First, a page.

You selected your experts – Ms. Boot (an expert for the patent owner, SneakRTech) and Dr. Slipper, PhD (an expert for the Petitioner, BadGuys) – to assist SneakRTech at the PTAB in cases involving aglet patents against BadGuys. BadGuys’s patent is related to the material science of plastic aglets, and how nanocoatings provide a color-change depending on the temperature for use in a snowboarding boot. SneakRTech’s patent related to an advancement in the geometry and manufacturing process to ensure that they easily insert into the eyelets of the shoe to be used in a desert rock climbing shoe.

But now what?

How do you begin working with the expert?

Does representing a petitioner or patent owner impact strategy?

Does technology change things?

  1. What should you tell the experts to avoid biasing them?

The only effective experts are candid experts who spot trouble and help resolve the gaps in the case. But at the same time, experts need to focus on the important issues of the case. So controlling information is vital to effective interaction with experts.

For patent owners, an expert needs to have an understanding of the infringement reads and claim construction to increase damages and ease of proving infringement. Ms. Boot should be able to provide an unbiased assessment of the relative strength of BadGuys’s Petition. In defending the patent against the attack, she also should be made aware of any nuance to be maintained in the district court, for example, the understanding of what a particular qualitative geometric term includes, such as “rounded edge about the radial extension element,” in order to maintain the infringement read while defending the patent.

For petitioners, an expert needs to understand the technology space and prior art field. The expert also needs to understand the non-infringement positions and what claim construction is required to avoid infringement. Of course Dr. Slipper should review and opine on the technical subject matter of the color-changing nano-coating and deficiencies of the applied art. But if an important aspect of the infringement claim construction is a dispute over whether a “black-to-white,” or “dark blue-to-light blue,” change is within the scope of the claim, that interpretation is something that is important to explore with the expert at an early stage.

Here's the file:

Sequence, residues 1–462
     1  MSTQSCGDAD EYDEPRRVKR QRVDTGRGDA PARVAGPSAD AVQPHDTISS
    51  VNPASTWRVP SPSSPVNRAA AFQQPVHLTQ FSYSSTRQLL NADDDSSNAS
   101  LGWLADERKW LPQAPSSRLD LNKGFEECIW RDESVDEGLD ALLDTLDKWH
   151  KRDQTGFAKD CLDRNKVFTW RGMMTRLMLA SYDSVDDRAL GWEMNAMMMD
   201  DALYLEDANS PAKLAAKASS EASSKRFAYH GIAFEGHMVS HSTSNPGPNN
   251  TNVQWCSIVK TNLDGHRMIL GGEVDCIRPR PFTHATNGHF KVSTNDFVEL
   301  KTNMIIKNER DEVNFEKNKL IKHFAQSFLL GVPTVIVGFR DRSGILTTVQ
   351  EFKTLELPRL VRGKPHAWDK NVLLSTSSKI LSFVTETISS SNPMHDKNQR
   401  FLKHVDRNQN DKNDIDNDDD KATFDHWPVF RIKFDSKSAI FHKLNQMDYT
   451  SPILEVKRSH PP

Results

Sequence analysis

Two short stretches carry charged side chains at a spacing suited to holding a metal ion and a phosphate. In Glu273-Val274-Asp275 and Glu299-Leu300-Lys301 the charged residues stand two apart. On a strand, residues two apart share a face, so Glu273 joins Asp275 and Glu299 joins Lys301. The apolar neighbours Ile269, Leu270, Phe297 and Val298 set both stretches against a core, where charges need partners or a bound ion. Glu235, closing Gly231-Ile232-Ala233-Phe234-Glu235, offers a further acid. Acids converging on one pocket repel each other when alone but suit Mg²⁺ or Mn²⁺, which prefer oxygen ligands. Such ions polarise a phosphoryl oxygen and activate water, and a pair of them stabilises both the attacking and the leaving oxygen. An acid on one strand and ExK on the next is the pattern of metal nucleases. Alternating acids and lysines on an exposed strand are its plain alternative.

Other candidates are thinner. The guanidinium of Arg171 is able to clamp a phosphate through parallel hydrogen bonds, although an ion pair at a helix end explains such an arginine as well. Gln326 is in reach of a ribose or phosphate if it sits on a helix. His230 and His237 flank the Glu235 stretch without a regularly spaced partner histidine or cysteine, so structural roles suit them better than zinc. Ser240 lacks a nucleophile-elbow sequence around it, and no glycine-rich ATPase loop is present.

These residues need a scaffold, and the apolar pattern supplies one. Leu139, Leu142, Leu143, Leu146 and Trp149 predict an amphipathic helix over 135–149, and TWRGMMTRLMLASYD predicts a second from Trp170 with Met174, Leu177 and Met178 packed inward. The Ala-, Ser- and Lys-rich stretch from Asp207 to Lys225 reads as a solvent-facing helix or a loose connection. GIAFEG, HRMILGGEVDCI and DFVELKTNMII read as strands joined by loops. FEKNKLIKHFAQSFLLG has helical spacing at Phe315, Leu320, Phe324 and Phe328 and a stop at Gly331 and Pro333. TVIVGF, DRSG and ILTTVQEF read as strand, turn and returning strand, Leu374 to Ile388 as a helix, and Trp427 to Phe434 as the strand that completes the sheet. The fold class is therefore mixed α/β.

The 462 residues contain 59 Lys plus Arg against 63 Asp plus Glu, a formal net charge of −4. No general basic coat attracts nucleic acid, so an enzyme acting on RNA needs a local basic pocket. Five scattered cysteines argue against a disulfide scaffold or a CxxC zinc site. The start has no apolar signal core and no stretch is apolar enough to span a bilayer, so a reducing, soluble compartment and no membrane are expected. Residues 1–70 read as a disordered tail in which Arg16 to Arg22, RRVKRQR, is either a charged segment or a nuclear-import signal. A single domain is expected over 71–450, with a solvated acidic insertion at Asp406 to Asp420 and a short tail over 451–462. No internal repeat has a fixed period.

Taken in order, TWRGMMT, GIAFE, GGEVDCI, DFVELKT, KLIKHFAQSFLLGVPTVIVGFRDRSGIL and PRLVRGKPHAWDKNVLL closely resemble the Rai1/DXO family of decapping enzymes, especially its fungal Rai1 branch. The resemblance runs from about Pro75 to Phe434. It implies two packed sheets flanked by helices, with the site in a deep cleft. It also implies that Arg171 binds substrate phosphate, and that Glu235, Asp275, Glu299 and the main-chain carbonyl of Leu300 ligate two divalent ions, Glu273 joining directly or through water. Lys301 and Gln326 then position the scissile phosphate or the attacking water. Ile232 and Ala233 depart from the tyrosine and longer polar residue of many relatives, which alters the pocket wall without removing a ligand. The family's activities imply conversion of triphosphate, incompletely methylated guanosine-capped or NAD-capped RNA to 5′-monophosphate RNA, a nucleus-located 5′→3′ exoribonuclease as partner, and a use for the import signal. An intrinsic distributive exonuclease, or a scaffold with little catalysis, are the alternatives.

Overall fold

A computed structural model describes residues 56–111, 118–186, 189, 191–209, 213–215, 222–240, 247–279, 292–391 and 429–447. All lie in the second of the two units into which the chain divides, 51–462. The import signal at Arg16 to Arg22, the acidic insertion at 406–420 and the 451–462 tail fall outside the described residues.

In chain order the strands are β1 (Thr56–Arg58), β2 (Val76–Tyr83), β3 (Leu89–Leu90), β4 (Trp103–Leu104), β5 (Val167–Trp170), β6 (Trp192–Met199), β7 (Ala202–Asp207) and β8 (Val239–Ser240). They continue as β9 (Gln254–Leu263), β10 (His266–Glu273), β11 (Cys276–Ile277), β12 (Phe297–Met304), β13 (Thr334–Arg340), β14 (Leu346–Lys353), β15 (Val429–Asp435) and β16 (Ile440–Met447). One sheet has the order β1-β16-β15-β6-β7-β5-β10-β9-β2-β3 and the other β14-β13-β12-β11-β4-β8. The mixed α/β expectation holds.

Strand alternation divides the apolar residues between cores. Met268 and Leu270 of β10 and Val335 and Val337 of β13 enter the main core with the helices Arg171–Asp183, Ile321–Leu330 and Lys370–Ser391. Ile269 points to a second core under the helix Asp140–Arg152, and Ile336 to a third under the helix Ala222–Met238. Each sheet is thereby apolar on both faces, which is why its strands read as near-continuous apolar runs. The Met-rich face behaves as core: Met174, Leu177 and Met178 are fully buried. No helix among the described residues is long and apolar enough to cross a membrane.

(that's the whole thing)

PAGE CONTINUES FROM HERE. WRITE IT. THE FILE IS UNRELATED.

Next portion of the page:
Each of these requires experts who can see the bigger picture and are integral parts of the team at an early stage in the proceeding. At the same time, the expert needs to make their own assessment of all documents in order to ensure you are getting their candid, unbiased feedback.

  1. The declaration

​The declaration cannot be expanded upon during trial so it must be as complete as possible when filed. The declaration must account for both known and unknown positions the patent owner may take—and to a certain extent how the PTAB itself will view those positions. So your expert needs to pick apart your arguments and provide rebuttal. This will crystalize your best arguments and identify opportunities to change course prior to filing.